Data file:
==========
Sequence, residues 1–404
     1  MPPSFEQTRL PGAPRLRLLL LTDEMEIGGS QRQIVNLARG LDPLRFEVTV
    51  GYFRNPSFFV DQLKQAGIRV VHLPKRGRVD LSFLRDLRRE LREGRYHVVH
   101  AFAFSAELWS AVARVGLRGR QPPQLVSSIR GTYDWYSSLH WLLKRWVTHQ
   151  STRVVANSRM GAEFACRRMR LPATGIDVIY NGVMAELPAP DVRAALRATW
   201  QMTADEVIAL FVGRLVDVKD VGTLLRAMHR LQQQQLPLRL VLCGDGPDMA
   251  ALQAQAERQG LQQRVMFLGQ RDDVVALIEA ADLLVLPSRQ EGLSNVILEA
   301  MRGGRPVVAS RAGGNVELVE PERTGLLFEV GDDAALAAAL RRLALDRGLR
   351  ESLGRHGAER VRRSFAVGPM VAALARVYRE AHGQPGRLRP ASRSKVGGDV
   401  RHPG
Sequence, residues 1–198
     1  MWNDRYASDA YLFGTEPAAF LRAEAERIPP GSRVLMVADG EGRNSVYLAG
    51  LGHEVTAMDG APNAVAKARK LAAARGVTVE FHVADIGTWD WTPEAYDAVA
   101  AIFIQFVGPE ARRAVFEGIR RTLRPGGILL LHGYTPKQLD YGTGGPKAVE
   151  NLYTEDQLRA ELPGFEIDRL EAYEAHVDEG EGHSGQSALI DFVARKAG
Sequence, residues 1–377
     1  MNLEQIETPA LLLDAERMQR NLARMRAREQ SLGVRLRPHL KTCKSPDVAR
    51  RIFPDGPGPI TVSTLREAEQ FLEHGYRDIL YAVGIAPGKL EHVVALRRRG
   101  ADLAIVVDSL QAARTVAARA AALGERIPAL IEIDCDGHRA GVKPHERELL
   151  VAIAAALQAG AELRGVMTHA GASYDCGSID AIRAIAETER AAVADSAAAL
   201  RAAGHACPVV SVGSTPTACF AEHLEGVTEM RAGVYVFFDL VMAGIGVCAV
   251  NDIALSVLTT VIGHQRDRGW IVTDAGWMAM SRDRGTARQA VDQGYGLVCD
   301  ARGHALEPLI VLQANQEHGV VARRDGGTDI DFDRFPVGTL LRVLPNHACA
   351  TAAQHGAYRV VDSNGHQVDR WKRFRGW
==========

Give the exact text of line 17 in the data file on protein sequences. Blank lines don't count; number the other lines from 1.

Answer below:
     1  MNLEQIETPA LLLDAERMQR NLARMRAREQ SLGVRLRPHL KTCKSPDVAR